• Purchase supplies by "walking around." In other words, go through the center and look for supply gaps, waste and overstocking. Then determine your true supply needs.

Back to GPOs for a moment. Here are the questions to ask as you shop for the organization that will best serve your center:

  • Is there a monthly or annual fee associated with the contract?
  • Does the GPO contract with vendors I use?
  • Are the GPO-contracted supply costs less than what I have negotiated on my own?
  • Is the GPO contract user-friendly?

Short tips on office supply costs
Have you remembered to factor in non-medical supply costs when you set your benchmarks? Every marketing brochure, letterhead, envelope, package of printer paper, carton of pens and box of forms carries considerable cost. Your goal should be $11 or less in office supply cost per case.

Here are some smart ways to curb your office supply expenses:

  • Once again, find out if your selected GPO also carries office supplies at a favorable cost to you.
  • Wherever you purchase office supplies, always ask if there is a price break for ordering a certain quantity or product brand.
  • In the expensive area of printing, ask your vendor to show you price breaks given on quantities of forms, stationery and brochures. For example, your first price break on stationery usually comes at 500 - the number of paper sheets contained in one box of the product.
  • Finally, strongly consider standardizing your office supplies. Stick with one brand of stapler, one kind of ballpoint pen, etc. Standardization brings supply costs down and makes for more efficient stocking.

The 20-percent solution
Most likely, you already know that employee salaries and benefits should comprise 20 percent or less of net revenue (see "Compensation as % of Net Revenue"). This center missed the goal of 20 percent for the month. You can figure out the savings 1 percent would have made to the bottom line. If your center's salary levels are running above the 20-percent benchmark, then re-evaluate your total compensation packages. You'll want to adjust salaries, reduce benefits costs, eliminate overtime, review man-hours per case and increase revenue by adding new services.

Follow the money
Probably the primary area where you risk the most loss is in your accounts receivable (A/R). This is where you must track, estimate and collect on a daily basis. The current benchmark for days in A/R is 45, yet because of electronic billing, this time is dropping to 35 days in efficient centers. See "Cash Flow Performance" for an example of an easy way to track cash flow from month to month.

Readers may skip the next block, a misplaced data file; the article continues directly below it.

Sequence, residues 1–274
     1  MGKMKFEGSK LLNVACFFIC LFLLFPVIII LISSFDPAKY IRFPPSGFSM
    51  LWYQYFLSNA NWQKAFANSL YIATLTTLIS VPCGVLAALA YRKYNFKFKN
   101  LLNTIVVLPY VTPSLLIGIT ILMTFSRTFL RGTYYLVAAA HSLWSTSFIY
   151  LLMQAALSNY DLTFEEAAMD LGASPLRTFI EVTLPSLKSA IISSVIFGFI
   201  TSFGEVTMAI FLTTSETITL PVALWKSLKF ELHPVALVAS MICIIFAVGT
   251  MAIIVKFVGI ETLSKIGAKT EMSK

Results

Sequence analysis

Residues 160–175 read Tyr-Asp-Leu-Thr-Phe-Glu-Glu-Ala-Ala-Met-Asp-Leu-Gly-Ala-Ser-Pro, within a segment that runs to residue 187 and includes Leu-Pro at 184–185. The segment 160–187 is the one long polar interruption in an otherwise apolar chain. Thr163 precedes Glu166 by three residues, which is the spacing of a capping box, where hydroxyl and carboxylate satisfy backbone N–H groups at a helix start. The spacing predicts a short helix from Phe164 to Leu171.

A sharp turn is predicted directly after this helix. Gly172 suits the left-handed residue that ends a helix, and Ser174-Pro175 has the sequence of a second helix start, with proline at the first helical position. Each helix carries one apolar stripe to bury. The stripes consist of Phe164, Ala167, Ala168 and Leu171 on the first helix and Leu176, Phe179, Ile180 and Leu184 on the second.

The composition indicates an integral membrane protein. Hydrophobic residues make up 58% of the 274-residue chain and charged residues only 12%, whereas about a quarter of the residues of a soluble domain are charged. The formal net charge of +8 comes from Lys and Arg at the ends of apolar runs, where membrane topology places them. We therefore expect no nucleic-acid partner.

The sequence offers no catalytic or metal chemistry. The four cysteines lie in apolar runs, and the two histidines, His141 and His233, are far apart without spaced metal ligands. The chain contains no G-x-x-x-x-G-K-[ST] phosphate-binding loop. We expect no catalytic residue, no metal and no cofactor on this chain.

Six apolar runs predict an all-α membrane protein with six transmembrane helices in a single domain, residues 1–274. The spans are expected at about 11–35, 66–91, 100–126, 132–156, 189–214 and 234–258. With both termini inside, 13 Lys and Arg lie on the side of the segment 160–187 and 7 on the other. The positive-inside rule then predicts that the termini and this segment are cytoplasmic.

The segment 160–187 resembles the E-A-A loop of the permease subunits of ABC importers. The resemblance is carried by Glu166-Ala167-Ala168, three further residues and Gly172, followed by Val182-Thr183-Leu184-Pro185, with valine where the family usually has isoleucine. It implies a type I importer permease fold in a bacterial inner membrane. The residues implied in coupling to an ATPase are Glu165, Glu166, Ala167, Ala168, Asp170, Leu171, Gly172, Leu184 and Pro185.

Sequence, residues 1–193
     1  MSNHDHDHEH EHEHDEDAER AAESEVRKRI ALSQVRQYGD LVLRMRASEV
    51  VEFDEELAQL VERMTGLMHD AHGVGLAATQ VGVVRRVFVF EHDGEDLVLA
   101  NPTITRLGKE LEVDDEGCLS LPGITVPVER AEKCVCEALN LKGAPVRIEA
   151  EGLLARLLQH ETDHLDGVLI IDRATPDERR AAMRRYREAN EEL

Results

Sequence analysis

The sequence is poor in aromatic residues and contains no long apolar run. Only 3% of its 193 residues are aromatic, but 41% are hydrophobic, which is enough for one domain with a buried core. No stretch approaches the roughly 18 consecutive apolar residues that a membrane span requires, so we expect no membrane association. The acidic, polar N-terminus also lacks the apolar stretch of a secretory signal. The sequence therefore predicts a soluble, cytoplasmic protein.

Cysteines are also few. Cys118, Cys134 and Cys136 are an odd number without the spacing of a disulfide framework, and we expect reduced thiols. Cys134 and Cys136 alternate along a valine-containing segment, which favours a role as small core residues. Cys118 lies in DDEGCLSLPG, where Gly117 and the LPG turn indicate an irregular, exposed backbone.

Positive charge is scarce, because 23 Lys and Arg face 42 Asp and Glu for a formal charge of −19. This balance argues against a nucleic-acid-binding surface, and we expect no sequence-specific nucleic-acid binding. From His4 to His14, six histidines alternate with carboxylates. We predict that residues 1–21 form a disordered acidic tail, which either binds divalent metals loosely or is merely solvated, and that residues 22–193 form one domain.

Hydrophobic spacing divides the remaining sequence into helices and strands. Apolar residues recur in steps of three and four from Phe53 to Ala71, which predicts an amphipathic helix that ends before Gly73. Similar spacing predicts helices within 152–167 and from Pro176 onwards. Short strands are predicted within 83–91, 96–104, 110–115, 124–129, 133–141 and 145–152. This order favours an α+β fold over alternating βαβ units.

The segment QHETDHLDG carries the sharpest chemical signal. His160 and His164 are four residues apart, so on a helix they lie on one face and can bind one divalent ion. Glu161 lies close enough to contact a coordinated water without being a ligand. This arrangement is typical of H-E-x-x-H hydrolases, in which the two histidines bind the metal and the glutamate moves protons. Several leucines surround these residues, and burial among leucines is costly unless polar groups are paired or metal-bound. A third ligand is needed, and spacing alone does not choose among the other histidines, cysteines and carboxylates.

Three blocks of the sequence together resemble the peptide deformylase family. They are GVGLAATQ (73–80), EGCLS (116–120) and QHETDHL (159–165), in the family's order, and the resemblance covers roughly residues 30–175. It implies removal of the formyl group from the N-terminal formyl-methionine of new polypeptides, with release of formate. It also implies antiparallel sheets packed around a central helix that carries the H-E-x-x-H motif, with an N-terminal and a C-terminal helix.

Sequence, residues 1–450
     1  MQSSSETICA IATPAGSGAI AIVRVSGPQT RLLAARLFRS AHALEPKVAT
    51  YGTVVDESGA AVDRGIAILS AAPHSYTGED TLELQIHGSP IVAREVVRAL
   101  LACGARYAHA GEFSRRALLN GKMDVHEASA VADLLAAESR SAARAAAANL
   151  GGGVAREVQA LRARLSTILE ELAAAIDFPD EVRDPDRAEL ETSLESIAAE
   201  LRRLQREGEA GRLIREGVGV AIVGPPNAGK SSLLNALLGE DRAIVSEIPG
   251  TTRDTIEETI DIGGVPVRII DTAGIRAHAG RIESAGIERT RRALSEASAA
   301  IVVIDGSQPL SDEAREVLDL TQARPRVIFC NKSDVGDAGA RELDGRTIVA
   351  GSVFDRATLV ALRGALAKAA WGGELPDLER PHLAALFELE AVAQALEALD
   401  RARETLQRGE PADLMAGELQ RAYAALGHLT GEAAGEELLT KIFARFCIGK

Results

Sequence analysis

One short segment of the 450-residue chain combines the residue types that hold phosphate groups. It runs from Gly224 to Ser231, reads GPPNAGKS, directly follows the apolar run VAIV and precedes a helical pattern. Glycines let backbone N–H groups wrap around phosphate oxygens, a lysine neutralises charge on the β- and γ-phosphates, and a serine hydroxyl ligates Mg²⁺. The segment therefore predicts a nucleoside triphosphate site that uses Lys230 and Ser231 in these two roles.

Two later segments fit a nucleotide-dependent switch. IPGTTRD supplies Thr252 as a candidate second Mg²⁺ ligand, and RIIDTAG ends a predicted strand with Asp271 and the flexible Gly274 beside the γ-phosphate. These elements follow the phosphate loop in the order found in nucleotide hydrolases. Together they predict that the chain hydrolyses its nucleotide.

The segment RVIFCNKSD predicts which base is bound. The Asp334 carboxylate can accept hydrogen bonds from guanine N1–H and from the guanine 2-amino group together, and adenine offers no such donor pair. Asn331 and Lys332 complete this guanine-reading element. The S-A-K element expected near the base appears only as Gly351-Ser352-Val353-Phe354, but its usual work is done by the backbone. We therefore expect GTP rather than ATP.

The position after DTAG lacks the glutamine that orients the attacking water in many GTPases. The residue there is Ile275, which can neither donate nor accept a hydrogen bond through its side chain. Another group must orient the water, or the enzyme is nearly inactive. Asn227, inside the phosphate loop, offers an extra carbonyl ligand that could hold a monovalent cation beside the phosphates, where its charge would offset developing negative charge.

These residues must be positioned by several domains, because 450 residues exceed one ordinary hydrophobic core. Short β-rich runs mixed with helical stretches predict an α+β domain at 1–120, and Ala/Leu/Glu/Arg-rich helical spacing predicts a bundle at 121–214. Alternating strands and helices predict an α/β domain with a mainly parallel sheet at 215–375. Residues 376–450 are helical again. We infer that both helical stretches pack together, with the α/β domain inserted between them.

When you focus on collections, be sure to set a collection goal for each month. When collectors meet or exceed the goal, give them an incentive bonus to keep up the good work. Consider a base-level incentive of $250.

Compensation as % of Net

Salaries

$79,628

Payroll Taxes

$5,857

Benefits

$13,455

Total Compensation

$98,940

Net Revenue

$479,902

Percentage of Net

21%

Remember, you must review account aging monthly. Days in A/R are determined by your A/R balance, divided by annual revenue and divided by 360 (or quarterly or monthly revenue). Typically, we break down aging groups as 0 to 30 days for current accounts, and 31 to 60, 61 to 90, 91 to 120, 121 to 150 and 151 days. Here are four important things to know about these aging groups:

  • When accounts fall into 91 days to 120 days and older, your chances of collecting decrease rapidly.
  • When your A/R reaches 151 days and older, you chance of collecting diminishes to a mere 5 percent.
  • Moreover, banks will not lend money on A/R of 121 days or older.
  • Remember that 75 percent of your A/R should be less than 90 days old.

There are simple ways to improve your A/R and give your center a healthy cash flow:

  • First, collect estimated deductibles and co-pays before surgery.
  • Bill the case within 24 hours of the procedure being performed.
  • Send all bills electronically, automatically reviewing all coding for compliance with payer requirements.
  • Set follow-up guidelines for collectors and bonuses when they meet or exceed goals.

Check your closets
If you've ever bought one black suit, then proceeded to buy four more without checking your closet, then you understand the waste and frustration associated with overstocking surgery center supplies. The benchmark for days in inventory is 30 days or less. Your formula for determining days in inventory is to multiply the period-ending inventory balance by the number of days in that time period and divide by the total cost of the supplies.

To diminish days in inventory, first stock only what you need, plus two backups. Set par levels on every item in stock. Only order when you're below par level and only order what you need. On big-dollar items such as implantable devices, ask your vendor to place them in your center on consignment. Thus, you only pay as these items are used.

It all adds up to drive losses down
Even if your surgical center is setting records for profitability, don't be so sure that you've plugged every leak and exorcised waste.

It's right to sweat the small stuff and take a closer look to see how well your center aligns with these six benchmarks. Remember that there is hidden wisdom in your financials. Every month, put the whole picture together. Add up time spent, cases handled, direct and indirect costs, salaries and benefits as they relate to revenue. Financial success has a great chance of being yours when you literally follow the money.